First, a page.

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The Virtual AMEA CXO Round Table May 2020: Re-imagining Business with Digital, People & Mindset Change

May 27, 2020
Chandrasekhar Pingali

An exclusive group of 13 CXOs from across 10 countries and 5 industries met at a virtual round table over two sessions to discuss better practices during COVID and a re-imagined future.

The scope of the discussion

In the current state we are preparing to enter into the unknown so preparing for the unthinkable becomes critical. Research based on previous crisis shows that organizations that were prepared to deal with many different types of scenarios were the ones that survived. So being prepared and not assuming that things will somehow work out is key.

The top of the mind issues identified were broadly categorized into two topics :
  • Re-imagining business with digital
  • People and mindset change

A McKinsey report on change in customer behavior and needs over the month of April shows
  • Digital engagement levels have climbed 20%
  • Use of cash has halved
  • 30-40% of customers have expressed greater need for advice
  • 20-30% want products to help them through the crisis

Clearly indicating that things have changed rapidly since this crisis started.

On re-imagining what, and how digital technologies will be used in the future.

The discussion in the group on reimagining use of digital technology can be broadly categorized in relation to:

  1. The magnitude of benefit or advantage.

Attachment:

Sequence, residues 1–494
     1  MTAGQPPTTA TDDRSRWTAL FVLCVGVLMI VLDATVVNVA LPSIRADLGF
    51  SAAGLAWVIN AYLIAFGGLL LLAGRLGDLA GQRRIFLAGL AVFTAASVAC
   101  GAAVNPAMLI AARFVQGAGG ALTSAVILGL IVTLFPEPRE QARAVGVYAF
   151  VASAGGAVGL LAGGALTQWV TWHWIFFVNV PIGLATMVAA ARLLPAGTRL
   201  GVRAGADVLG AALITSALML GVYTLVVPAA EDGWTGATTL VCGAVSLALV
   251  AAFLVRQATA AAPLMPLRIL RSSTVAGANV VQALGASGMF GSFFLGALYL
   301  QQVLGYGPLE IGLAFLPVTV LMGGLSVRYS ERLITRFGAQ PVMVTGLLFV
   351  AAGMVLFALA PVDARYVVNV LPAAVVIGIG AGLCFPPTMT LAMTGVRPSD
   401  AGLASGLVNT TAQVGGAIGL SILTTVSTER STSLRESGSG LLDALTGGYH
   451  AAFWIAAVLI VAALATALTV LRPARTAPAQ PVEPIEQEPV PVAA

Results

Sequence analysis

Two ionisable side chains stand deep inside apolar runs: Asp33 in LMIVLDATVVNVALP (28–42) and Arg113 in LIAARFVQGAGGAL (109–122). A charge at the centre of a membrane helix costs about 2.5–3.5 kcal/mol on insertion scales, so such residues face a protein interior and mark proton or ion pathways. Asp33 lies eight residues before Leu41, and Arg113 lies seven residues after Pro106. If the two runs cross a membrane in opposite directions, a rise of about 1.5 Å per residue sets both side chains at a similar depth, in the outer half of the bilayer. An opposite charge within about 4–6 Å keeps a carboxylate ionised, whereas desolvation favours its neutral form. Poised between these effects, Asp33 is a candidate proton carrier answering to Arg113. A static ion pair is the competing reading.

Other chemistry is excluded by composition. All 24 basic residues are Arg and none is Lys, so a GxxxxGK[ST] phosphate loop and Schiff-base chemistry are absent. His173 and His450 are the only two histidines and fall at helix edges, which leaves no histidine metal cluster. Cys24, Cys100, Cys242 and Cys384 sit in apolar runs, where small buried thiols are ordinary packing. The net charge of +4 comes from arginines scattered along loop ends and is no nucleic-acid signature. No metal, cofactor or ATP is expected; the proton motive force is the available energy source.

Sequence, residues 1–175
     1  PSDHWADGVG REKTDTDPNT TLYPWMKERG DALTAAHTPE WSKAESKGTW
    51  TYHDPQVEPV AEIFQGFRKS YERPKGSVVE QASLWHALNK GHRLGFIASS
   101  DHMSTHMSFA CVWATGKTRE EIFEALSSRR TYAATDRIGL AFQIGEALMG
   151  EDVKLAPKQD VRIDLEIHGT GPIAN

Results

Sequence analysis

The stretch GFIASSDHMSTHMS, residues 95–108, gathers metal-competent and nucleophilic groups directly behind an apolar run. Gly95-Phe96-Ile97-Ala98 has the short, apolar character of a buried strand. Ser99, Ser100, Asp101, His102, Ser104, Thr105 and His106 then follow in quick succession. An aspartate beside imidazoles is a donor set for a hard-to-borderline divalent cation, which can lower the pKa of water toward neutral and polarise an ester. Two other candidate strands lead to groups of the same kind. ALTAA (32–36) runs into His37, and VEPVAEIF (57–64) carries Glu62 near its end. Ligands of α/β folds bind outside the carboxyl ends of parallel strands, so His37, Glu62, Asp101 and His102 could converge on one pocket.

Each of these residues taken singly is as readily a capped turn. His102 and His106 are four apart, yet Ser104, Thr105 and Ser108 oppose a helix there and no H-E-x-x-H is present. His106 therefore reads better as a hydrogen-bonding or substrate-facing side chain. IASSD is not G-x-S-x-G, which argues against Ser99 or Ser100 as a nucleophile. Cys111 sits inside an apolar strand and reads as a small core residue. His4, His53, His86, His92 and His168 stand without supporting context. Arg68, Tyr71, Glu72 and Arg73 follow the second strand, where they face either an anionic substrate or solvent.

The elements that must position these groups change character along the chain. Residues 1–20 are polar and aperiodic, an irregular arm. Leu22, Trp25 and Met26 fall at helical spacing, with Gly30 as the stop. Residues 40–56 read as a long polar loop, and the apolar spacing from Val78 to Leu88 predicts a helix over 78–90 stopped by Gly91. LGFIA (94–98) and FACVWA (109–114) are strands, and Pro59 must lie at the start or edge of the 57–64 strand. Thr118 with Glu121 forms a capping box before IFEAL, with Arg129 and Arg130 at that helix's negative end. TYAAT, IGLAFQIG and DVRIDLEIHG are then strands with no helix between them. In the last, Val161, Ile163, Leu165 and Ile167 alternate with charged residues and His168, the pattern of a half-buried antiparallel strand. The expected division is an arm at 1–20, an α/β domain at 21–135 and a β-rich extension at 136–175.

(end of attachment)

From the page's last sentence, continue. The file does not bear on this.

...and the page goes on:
2. Experience wherein the customer is an empowered participant.

Large case studies mentioned were the use of a Digital Demand Generation approach in the US to craft new customer journeys enabled with AI and robotic process automation and a Bank project in Asia that would completely eliminate all local correspondents and merchant points and move the entire experience to a contact free, friction free environment.

While the current pandemic may have accelerated the process of digital adoption it has also made enterprises push the boundaries of their imagination, think very hard, design very heavily, choose very deliberately to find things that will truly stand out and make a massive impact, before embarking on a digitally transformative journey. Organizations are getting deeper into methodologies like Design Thinking to go beyond the unthinkable to create experiences that are participative and customer empowering in industries ranging from entertainment, gaming, and even in those as standard as digital payments. There is also a great deal of serious deliberation across user levels on what constitutes that individualized personal experience; what issues can emerge from the use of technologies like the industrial internet of things, predictive and prescriptive analysis, augmented technologies, and how to mitigate it.

Full advantage of digital can be captured when technologies re-engineer business processes, culture, skills and stakeholder journeys. Design thinking emerged as a “must do” for all participants to enable this reengineering.

At a lower level of magnitude of benefit or advantage is the digital automation and robotizing in conventional industrial/service entertainment sectors like:

  • Using virtual to attend to day to day activities to produce a near life like situations
  • Digital twinning for sports and entertainment
  • More of knitting together available digital technologies to accomplish conventional manufacturing and engineering tasks though remote supervision and expert intervention Conventional manufacturing supervision tasks accomplished remotely